Cytomegalovirus Retinitis

Cytomegalovirus Retinitis is a threatening of sight disease often associated with AIDS. In the earlier period, about one-fourth of active Acquired Immunodeficiency Syndrome patients developed Cytomegalovirus retinitis. However, this number is dropping radically. This is due to an effective combination of drugs employed to treat AIDS. This combination of drugs helps AIDS patients in restore function of their immune system. In last few years, these combinations of drugs have aided in decrease the presence of CMV Retinitis in AIDS by 80 percent. 

Cytomegalovirus (CMV) Retinitis Signs and Symptoms:

When CMV attacks the retina, it starts compromising the light-responsive receptors, which enables us to see. It does not result in pain; however, you may see small specks or eye floaters and experience decreased peripheral vision or blurry vision. Sudden vision loss and light flashes also can take place. This disease normally begins in one eye but frequently involves both the eyes.

If this disease is left untreated, Cytomegalovirus Retinitis can cause blindness and a detached retina in few months. AIDS patients on some occasions also experience change in optic nerve and retina without the symptoms of CMV retinitis.

Causes of Cytomegalovirus (CMV) Retinitis:

CMV retinitis occurs by the Cytomegalovirus, a very common type of virus. Cytomegalovirus (CMV) belongs to the family of viruses known as herpes family. Around 80 % of peoples harbor anti-bodies to Cytomegalovirus, which shows that they are virus infected but their bodies have effectively fought it off.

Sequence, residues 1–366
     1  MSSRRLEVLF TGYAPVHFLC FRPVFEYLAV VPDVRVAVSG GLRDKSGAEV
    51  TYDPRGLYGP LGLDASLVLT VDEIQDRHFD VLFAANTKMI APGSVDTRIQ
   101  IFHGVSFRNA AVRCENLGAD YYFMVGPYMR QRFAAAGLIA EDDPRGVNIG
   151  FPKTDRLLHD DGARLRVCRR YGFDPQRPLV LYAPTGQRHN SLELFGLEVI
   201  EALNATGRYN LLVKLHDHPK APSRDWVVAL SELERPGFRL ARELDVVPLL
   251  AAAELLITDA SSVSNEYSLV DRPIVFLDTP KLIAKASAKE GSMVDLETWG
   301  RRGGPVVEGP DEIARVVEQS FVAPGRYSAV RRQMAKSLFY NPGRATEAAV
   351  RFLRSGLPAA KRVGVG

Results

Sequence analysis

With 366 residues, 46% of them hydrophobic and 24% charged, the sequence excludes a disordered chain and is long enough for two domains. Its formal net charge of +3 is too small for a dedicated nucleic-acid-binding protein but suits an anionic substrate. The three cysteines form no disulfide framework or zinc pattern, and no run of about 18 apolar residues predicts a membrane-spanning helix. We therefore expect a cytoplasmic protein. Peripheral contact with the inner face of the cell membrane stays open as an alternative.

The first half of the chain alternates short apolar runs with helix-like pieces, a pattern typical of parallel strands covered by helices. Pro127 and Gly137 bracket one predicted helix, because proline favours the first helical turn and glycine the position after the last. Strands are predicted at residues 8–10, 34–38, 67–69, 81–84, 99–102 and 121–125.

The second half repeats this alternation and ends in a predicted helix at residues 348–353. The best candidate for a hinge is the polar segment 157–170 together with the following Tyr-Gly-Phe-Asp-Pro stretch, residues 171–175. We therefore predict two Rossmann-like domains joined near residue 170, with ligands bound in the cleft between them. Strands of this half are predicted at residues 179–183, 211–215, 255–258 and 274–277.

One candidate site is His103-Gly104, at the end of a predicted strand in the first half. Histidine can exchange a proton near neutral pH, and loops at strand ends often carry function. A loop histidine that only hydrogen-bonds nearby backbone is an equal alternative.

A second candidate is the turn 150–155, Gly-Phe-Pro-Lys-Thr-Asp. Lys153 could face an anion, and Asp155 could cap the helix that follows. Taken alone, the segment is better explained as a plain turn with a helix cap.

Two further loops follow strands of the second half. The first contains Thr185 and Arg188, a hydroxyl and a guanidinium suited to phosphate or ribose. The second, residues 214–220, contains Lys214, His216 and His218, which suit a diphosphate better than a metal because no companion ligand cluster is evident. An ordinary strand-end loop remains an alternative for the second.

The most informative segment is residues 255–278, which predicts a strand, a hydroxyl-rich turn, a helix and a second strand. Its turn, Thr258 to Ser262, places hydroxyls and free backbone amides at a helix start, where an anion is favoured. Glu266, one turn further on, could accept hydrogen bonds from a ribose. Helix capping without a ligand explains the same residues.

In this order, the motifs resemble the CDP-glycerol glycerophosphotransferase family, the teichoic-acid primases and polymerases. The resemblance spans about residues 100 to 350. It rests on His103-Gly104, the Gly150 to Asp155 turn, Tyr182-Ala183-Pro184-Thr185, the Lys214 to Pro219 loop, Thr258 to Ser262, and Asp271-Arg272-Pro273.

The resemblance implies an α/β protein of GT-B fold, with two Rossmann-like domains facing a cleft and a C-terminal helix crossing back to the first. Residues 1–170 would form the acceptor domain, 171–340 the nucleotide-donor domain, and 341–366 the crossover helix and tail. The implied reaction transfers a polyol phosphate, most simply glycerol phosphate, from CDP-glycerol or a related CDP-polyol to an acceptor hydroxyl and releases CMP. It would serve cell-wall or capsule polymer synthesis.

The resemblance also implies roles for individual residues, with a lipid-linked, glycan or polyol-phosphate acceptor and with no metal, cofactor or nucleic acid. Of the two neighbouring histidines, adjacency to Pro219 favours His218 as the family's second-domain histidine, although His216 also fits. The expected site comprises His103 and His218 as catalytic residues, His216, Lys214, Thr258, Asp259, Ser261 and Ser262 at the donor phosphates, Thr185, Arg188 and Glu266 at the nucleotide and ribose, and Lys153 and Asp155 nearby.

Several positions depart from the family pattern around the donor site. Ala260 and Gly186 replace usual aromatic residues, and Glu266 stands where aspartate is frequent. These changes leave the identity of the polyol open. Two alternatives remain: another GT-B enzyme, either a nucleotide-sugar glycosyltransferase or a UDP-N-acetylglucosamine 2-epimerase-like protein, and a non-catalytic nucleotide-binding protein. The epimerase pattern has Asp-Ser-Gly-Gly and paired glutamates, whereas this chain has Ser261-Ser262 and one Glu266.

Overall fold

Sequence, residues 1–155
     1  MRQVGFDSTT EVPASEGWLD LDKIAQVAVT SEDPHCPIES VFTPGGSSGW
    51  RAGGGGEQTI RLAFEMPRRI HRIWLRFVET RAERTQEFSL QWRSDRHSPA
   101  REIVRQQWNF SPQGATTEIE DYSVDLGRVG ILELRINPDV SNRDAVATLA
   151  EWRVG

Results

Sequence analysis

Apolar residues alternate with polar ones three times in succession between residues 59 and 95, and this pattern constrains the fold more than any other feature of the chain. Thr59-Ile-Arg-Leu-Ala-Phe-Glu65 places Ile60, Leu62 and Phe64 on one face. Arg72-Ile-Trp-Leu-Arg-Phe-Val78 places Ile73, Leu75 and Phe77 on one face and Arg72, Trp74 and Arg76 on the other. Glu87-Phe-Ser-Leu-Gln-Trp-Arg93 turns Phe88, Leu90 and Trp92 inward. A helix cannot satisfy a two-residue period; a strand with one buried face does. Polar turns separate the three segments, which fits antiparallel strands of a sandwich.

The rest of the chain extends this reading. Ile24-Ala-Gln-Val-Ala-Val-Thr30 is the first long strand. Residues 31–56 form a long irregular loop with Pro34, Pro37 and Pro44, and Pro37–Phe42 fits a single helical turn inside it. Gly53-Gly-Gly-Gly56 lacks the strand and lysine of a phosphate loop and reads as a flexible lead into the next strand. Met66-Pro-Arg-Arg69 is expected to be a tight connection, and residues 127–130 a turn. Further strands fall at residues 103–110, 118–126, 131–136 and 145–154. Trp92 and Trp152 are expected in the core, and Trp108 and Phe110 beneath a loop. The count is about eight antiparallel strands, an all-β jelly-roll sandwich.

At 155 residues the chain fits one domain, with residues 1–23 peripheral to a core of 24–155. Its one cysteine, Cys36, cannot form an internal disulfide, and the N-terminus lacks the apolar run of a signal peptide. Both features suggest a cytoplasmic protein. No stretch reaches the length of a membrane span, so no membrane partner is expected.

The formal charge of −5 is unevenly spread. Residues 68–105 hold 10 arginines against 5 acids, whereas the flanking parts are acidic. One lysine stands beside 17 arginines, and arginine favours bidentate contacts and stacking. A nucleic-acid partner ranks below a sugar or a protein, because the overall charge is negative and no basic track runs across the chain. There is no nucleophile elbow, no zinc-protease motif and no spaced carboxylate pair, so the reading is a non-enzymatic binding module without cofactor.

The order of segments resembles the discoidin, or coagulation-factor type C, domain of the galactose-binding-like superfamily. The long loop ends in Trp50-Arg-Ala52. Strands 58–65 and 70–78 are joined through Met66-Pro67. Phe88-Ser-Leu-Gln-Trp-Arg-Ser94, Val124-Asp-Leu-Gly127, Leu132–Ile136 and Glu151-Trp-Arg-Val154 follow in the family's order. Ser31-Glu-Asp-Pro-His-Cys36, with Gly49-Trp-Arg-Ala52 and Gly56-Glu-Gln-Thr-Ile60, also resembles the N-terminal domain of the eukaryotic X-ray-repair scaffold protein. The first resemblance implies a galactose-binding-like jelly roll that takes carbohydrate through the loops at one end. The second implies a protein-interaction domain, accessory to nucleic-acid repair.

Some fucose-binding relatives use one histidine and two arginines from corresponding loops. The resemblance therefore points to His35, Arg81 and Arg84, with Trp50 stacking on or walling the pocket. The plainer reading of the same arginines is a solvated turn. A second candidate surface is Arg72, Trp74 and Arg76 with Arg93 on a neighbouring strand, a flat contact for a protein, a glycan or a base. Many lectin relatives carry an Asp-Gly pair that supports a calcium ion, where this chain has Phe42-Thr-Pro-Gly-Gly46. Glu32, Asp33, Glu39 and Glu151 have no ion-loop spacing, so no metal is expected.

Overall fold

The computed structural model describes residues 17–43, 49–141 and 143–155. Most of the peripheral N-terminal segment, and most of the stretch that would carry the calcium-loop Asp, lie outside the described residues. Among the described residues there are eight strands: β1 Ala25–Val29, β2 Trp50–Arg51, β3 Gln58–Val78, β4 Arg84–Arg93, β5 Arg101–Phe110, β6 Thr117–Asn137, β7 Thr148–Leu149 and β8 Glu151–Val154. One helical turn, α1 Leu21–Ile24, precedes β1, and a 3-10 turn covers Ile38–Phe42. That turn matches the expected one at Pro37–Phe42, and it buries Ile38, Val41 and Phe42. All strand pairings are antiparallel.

For the AIDS patients, the only difference is that their non-functioning or weakened immune system cannot fight this virus. Other individuals with a suppressed or weakened immune system like those undergone a bone-marrow transplant or chemotherapy are also at a risk. Cytomegalovirus Retinitis takes place less frequently in these individuals than in individuals suffering from AIDS.

Usually the retina is tidily stratified. One gets an infection in external most part of the retina, with CMV retinitis. It is also known, that the virus is dormant on the outer most layer of the retina earlier to the development of Cytomegalovirus retinitis. However, the virus once activated starts to cause cell death spreading into the deep layers.

Treatment of Cytomegalovirus (CMV) Retinitis:

If an individual have AIDS and is experiencing visual signs and symptoms, he should look for a retina specialist without wasting a single day. A person diagnosed with Cytomegalovirus Retinitis should visit the consultant every month. After the disease gets controlled, one may visit the eye specialist in every four to six months.

CMV Retinitis Drugs: The antiviral drugs usually used for the treatment of CMV retinitis are Cidofovir, Foscarnet and Ganciclovir. These drugs can slow the growth of CMV. However, these drugs cannot cure it clearly. Like many other medications, these treatments have serious or unpleasant side effects.

Nowadays, ganciclovir is offered in a pill form. It is also controlled in an implant called Vitrasert. This implant is put inside the eye. Throughout the period of five to eight months, Vitrasert gradually releases a specific amount of ganciclovir. The medication goes straightly into the retina and vitreous, to the Cytomegalovirus (CMV) Retinitis.




Cytomegalovirus Retinitis
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